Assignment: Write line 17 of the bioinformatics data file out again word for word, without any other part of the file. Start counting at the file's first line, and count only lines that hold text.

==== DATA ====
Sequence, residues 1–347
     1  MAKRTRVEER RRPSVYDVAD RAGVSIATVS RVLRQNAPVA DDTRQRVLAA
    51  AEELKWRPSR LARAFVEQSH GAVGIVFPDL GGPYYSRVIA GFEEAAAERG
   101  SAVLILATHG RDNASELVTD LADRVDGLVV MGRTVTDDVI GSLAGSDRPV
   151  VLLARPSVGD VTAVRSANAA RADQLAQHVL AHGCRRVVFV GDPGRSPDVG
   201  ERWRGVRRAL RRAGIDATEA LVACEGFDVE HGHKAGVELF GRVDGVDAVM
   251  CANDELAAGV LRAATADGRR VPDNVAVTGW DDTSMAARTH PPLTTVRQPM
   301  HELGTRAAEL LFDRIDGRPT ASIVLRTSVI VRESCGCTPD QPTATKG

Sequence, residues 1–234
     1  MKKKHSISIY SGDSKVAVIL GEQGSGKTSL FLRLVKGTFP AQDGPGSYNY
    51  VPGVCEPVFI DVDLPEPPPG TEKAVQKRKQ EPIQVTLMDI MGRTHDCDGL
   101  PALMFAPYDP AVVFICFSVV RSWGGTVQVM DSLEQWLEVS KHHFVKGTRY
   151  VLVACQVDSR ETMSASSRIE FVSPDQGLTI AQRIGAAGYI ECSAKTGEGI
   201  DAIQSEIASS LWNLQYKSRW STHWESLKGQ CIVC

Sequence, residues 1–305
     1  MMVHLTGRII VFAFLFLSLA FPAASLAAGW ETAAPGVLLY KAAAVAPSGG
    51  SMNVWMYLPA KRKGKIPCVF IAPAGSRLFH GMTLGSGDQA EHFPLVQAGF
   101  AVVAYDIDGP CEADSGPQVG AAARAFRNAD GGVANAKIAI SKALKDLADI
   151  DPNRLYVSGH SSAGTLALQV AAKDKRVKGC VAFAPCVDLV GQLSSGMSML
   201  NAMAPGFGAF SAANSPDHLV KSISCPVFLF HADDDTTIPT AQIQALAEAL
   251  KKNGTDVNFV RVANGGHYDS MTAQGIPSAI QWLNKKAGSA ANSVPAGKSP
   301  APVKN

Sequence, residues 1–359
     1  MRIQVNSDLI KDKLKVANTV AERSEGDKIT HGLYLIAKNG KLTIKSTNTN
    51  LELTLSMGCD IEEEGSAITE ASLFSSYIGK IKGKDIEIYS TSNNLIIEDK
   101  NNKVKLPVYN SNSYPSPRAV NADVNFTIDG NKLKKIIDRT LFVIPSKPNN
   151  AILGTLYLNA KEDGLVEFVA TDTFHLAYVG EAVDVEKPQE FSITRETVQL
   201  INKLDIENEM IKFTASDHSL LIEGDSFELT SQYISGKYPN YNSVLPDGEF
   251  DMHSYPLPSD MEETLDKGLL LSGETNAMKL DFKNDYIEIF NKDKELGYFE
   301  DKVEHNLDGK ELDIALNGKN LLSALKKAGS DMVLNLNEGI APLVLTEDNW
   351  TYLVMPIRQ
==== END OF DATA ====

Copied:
    51  SMNVWMYLPA KRKGKIPCVF IAPAGSRLFH GMTLGSGDQA EHFPLVQAGF